What You Need To Know About The Bextra Painkilling Drug

The drug Bextra (valdecoxib was commonly used to treat inflammatory conditions such as arthritis, but was taken off the market by the manufacturer in 2005 due to side effects. Considered a prescription-only, non-steroid, anti-inflammatory drug (NSAID), in the same class as over-the-counter pain relievers like Ibuprofen, Bextra has been linked to several, more serious side effects.

Increased Risk for Cardiovascular Events

One of the main reasons for removing the drug from the market in the United States was emerging evidence that its use was associated with increased risk of cardiovascular events. The Food and Drug Administration (FDA) concluded, based on independent studies, those receiving treatment with Bextra were at increased risk of suffering from heart attack or stroke. Those with other risk factors for these events, or that had previously suffered from cardiovascular disease, were at an even higher risk.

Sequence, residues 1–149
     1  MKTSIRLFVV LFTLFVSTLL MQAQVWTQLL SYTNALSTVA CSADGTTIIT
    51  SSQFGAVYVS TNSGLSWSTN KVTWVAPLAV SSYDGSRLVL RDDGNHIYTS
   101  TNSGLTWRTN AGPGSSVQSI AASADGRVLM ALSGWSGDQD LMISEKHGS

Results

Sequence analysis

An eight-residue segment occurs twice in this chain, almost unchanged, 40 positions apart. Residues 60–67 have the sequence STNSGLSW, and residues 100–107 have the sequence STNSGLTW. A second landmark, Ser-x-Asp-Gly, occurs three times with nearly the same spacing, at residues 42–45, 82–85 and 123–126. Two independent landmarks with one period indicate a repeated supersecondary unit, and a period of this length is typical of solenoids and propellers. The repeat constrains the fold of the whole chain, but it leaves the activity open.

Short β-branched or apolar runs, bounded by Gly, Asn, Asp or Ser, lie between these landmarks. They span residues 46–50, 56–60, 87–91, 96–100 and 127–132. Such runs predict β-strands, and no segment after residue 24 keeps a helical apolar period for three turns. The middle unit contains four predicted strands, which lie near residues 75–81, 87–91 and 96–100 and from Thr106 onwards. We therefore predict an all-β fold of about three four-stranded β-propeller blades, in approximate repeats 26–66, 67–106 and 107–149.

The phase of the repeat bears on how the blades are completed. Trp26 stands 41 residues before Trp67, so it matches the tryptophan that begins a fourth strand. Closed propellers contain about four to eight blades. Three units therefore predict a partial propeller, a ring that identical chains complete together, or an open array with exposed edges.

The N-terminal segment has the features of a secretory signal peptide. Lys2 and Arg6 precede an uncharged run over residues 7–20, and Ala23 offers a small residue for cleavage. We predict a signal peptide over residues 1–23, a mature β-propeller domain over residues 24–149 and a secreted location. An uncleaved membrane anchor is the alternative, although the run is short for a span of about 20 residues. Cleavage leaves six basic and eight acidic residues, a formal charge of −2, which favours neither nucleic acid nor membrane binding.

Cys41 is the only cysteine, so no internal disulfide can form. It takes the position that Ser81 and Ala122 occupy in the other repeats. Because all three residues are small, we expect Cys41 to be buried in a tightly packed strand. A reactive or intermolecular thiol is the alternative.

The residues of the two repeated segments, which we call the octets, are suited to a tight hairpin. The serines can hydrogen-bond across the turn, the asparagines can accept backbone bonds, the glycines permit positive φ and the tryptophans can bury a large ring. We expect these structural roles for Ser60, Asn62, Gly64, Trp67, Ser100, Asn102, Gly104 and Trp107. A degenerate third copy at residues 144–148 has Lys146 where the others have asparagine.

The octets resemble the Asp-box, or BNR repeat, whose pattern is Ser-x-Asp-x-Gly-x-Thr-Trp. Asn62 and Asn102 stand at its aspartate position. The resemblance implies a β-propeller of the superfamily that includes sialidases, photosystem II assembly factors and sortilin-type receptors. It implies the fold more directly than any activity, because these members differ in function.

Life-Threatening Skin Reactions

The potential for a mild to moderate skin reaction to a drug is almost always possible with several drug classes. However, life-threatening skin reactions were also noted in the decision to remove Bextra from the market. While this was thought to typically occur during the initial period of treatment, it could also develop following long term use. Stevens-Johnson syndrome and toxic epidermal necrolysis are two of the more serious skin conditions that were closely associated with valdecoxib. A diagnosis with these or other skin conditions during or following treatment may be directly linked with use of the drug.

Lack of Long Term Studies

In addition to the above mentioned findings, there have been few long term studies regarding the use of Bextra for the treatment of arthritis. The nature of these side effects is very serious and could not only result in life-altering events for the patient, but even death.